Archive for December, 2016

75 Years Old

December 30, 2016

75! How can this be possible?

Family lore has it that I was due to be born on or about December 7, 1941. That was, of course, Pearl Harbor Day. A Day of Infamy, to quote the then POTUS, Franklin Roosevelt.

I didn’t show up for three weeks later. I have commented on the information that my due date was when it was, saying that I took a brief look at the shape the world was to be, and so crawled back in where it was nice and safe and warm for a while longer. By the time December 29 arrived, my mother was well ready to be rid of me.

As history would reveal, the world was already in pretty terrible shape by the time that the USA was dragged into war. Already by this day, thousands and thousands of people in Western and Eastern Europe were surviving, or not, in the most terrible condition imaginable.

A quarter of a century. I have been truly blessed. I have visited more countries that I can count, and have made at least interstate highway rest stops in 49 of our 50 states. Only Iowa awaits.

The Facebook posting of my birthday lists over a hundred greetings. A hundred! I can hardly believe that I have 100 friends. I’m not a very public person, and highly introverted, too. Life of the party I am not nor have I ever been. A hundred! Yes, I am truly blessed.

I asked my wife, Sandy, if today I should start to wonder aloud whether I would see another birthday. She said no. OK, I’ll wait another year or six for that question.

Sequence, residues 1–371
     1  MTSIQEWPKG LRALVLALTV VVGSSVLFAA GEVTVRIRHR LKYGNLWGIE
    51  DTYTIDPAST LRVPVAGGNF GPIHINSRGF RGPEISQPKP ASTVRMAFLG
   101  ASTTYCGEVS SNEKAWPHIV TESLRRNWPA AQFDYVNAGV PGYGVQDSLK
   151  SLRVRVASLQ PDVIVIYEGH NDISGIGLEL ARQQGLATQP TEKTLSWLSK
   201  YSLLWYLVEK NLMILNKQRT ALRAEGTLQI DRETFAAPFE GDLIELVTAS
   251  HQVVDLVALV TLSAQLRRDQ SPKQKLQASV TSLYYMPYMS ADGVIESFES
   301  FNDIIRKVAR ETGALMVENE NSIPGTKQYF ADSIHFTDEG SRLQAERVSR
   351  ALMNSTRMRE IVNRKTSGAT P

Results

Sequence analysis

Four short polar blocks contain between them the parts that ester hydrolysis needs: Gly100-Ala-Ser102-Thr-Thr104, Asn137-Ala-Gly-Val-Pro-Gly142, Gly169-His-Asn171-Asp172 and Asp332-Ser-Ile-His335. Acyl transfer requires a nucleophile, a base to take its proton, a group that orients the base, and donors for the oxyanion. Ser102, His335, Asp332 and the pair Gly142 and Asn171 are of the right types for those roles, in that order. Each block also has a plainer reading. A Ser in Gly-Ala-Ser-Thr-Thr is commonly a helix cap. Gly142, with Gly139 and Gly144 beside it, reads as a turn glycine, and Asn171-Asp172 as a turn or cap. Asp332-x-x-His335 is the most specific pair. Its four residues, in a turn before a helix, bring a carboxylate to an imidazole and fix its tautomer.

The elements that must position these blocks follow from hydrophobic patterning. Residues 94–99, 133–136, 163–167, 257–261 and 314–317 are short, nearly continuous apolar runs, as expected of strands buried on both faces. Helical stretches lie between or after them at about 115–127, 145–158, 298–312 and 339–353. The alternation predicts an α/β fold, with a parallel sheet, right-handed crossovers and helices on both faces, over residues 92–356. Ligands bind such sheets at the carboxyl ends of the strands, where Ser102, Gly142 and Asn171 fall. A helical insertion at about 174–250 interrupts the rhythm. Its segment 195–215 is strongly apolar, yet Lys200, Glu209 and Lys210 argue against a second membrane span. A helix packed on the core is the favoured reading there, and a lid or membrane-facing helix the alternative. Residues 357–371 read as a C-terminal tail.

Still playing the clarinet, still singing, still active as a (retired) Episcopal priest, still walking city streets and mountain paths. Still traveling, still voting, still writing, still a number of things. Yes, very blessed and very grateful.

Thank you so much for all your greetings. I love you.

St. Stephen’s Gate – A Rocky Place

December 26, 2016

On this Feast of Stephen, December 26, my mind travels back to a pilgrimage to Israel-Palestine, and an afternoon in Jerusalem.

Our group had some free time to wander through the old city. I was amazed at the open air markets, but I’m not a shopper, so I went in search of another place that might take me away from the crowds and to someplace with an outside view.

I found myself on the eastern edge of the walled city, and to one of the gates leading to the outside. My memory may be somewhat challenged, as this trip is twenty years in the past. I do clearly remember the gate: St. Stephen’s.

Many children learn of St. Stephen by singing the Christmas carol, Good King Wencelaus. The first verse directs us to know that the good king “looked out, on the feast of Stephen,” now celebrated in the Western Christian Church on December 26 every year.

As I recall, as soon as I went through the gate, I stopped and admired the view. The gate was, as I recall, along the eastern wall of the old part of Jerusalem. That wall sits on a steep slope that descends to the Kidron Valley, and in clear view across to the Mount of Olives and, near the bottom of the mountain, what Christians know and revere as the Garden of Gethsemane, where Jesus spent his last night with his apostles on the day before his execution, or crucifixion.